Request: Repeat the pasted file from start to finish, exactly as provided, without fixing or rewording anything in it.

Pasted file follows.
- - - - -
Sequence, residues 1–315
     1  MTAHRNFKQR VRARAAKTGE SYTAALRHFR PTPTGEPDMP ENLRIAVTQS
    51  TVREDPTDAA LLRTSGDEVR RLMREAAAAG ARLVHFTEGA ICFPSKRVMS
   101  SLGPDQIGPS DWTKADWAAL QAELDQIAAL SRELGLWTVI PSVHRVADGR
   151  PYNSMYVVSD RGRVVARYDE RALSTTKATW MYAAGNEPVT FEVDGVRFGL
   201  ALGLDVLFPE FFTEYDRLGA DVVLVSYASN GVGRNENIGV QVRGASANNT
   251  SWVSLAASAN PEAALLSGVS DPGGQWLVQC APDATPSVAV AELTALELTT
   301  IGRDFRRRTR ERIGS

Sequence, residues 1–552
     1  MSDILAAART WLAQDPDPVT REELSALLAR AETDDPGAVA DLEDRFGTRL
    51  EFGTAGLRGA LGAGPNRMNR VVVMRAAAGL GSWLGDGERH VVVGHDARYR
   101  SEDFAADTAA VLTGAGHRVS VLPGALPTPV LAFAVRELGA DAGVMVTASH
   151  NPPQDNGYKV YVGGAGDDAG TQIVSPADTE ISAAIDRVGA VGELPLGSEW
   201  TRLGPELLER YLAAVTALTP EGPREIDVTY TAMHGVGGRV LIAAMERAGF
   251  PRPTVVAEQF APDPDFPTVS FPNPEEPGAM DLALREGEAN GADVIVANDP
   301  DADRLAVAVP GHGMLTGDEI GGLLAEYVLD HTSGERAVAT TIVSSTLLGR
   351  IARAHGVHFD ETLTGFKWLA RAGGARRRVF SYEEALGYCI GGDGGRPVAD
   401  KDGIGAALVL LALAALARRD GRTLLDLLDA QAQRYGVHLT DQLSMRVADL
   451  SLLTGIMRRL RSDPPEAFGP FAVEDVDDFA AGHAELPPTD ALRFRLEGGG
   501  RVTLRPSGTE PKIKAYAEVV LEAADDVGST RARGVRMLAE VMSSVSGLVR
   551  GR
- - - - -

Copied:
Sequence, residues 1–315
     1  MTAHRNFKQR VRARAAKTGE SYTAALRHFR PTPTGEPDMP ENLRIAVTQS
    51  TVREDPTDAA LLRTSGDEVR RLMREAAAAG ARLVHFTEGA ICFPSKRVMS
   101  SLGPDQIGPS DWTKADWAAL QAELDQIAAL SRELGLWTVI PSVHRVADGR
   151  PYNSMYVVSD RGRVVARYDE RALSTTKATW MYAAGNEPVT FEVDGVRFGL
   201  ALGLDVLFPE FFTEYDRLGA DVVLVSYASN GVGRNENIGV QVRGASANNT
   251  SWVSLAASAN PEAALLSGVS DPGGQWLVQC APDATPSVAV AELTALELTT
   301  IGRDFRRRTR ERIGS

Sequence, residues 1–552
     1  MSDILAAART WLAQDPDPVT REELSALLAR AETDDPGAVA DLEDRFGTRL
    51  EFGTAGLRGA LGAGPNRMNR VVVMRAAAGL GSWLGDGERH VVVGHDARYR
   101  SEDFAADTAA VLTGAGHRVS VLPGALPTPV LAFAVRELGA DAGVMVTASH
   151  NPPQDNGYKV YVGGAGDDAG TQIVSPADTE ISAAIDRVGA VGELPLGSEW
   201  TRLGPELLER YLAAVTALTP EGPREIDVTY TAMHGVGGRV LIAAMERAGF
   251  PRPTVVAEQF APDPDFPTVS FPNPEEPGAM DLALREGEAN GADVIVANDP
   301  DADRLAVAVP GHGMLTGDEI GGLLAEYVLD HTSGERAVAT TIVSSTLLGR
   351  IARAHGVHFD ETLTGFKWLA RAGGARRRVF SYEEALGYCI GGDGGRPVAD
   401  KDGIGAALVL LALAALARRD GRTLLDLLDA QAQRYGVHLT DQLSMRVADL
   451  SLLTGIMRRL RSDPPEAFGP FAVEDVDDFA AGHAELPPTD ALRFRLEGGG
   501  RVTLRPSGTE PKIKAYAEVV LEAADDVGST RARGVRMLAE VMSSVSGLVR
   551  GR